Painted Comber Fish

The Painted Comber (Serranus scriba) is a marine (saltwater) fish in the Serranidae family of sea bass, groupers, and anthias. 

The Painted Comber has a laterally compressed, elongated body with a pointed snout (nose). It is grey, purplish, or reddish with 5-7 dark-brown bars on its sides. Its head has narrow blue lines and red blotches. Its fins have red dots, and its pectoral fins are pale-yellow. It has a large mouth with sharp teeth. 

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Dwarf Lanternshark

The Dwarf Lanternshark (Etmopterus perryi) is a marine (saltwater) fish in the Etmopteridae family of dogfish sharks. It is an elasmobranch cartilaginous fish — a fish that does not have a bony skeleton.

The Dwarf Lanternshark is dark-brown with a long, flattened head and black markings along its back. It has large eyes. It has several rows of teeth. It has small gill slits, where it takes in water and extracts oxygen to breathe. 

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Sand Tiger Shark

The Sand Tiger Shark (Carcharias taurus) is a marine (saltwater) fish in the Odontaspididae family of sharks. It is an elasmobranch cartilaginous fish — a fish that does not have a bony skeleton. It is also known as the Grey Nurse Shark, Spotted Ragged-Tooth Shark, and Blue-Nurse Sand Tiger.

The Sand Tiger Shark has a sharp, pointy head, and a large, bulky body. It is grey with reddish-brown spots on its back. Its eyes are small and lack eyelids. It swims with its mouth always open so that it can breathe oxygen from the water. Its teeth are always showing. Its teeth are smooth, ragged, and sharp-pointed. 

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Leucistic Zebra Shark

The Zebra Shark (Stegostoma fasciatum) is a marine (saltwater) fish in the Stegostomatidae family of carpet sharks. It is an elasmobranch cartilaginous fish — a fish that does not have a bony skeleton.

A leucistic Zebra Shark has reduced colouring, but not complete albinism. An albino lacks colour (it looks white) and has pink eyes. A leucistic animal is light or white, but does not have pink eyes. It has brown, blue, or green eyes.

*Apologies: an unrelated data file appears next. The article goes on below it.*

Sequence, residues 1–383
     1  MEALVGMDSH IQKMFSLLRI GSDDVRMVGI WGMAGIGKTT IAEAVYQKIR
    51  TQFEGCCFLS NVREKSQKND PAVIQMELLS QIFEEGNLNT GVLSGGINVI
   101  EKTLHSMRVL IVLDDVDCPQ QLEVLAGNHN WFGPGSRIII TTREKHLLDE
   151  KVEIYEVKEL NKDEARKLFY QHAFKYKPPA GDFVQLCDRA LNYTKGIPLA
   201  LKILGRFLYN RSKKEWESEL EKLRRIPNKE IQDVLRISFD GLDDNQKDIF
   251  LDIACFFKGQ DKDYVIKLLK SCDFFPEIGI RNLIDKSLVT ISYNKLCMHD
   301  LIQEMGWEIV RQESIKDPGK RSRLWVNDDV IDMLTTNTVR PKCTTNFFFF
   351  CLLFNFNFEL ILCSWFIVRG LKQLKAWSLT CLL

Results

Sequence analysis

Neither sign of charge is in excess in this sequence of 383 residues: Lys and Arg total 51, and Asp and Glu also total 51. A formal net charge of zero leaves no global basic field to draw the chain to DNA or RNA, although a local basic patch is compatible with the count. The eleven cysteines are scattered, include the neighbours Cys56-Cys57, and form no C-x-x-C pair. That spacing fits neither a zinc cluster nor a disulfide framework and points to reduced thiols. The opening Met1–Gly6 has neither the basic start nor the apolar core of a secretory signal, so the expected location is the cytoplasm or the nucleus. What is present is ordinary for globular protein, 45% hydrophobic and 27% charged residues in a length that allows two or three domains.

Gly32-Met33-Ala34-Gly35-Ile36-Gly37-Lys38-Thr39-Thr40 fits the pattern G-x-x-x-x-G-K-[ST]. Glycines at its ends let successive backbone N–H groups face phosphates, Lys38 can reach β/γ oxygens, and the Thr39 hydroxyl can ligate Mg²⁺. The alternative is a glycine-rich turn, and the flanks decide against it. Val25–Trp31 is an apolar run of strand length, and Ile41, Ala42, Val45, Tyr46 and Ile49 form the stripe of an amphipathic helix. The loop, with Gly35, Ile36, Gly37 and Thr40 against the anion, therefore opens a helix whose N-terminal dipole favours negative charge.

The Zebra Shark has a slim, cylindrical body with a slightly flattened head, and a short, blunt snout (nose). A regular Zebra Shark is pale with a pattern of dark spots. It has five ridges along its body. It eyes are small and its nose has short barbels (like whiskers) from each nostril. Its mouth is almost straight with rows of sharp teeth. It has gill slits on the sides of its body to breathe underwater. 

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Whitespotted Bamboo Shark

The Whitespotted Bamboo Shark (Chiloscyllium plagiosum) is a marine (saltwater) fish in the Hemiscyllidae family of carpet sharks. It is an elasmobranch cartilaginous fish — a fish that does not have a bony skeleton.

The Whitespotted Bamboo Shark has a pale body with dark bands and purple and pink spots. It has a distinct dorsal (back) fin. It rests on the bottom of the sea on its bent pectoral fins. It has small teeth. 

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Behind the Scenes at the New York Aquarium

The New York Aquarium is the oldest continually operating aquarium in America. Established in 1896, it is located on the Riegelmann Boardwalk in Coney Island, Brooklyn, New York City. It was first in Castle Garden in Manhattan and relocated to Coney Island in 1957. The water for its aquarium exhibitions is taken directly from the sea.

In 2018, the New York Aquarium built a new enclosure called “Ocean Wonders: Sharks!” that took ten years to construct. The delay was caused by Hurricane Sandy in October 2012 which flooded the facility.

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Giant Carpet Anemone

The Giant Carpet Anemone (Stichodactyla gigantea) is a marine (saltwater) anthozoan cnidarian in the Stichodactylidae family of sea anemones. It is an animal, not a plant. 

The Giant Carpet Anemone is a polyp with folds of many tentacles around an oral (mouth) disc. It is dense with short, sticky tentacles. It can be various colours, such as brown, green, purple, pink, or blue. It is sessile –  it stays in one location on the sea floor; it does not move.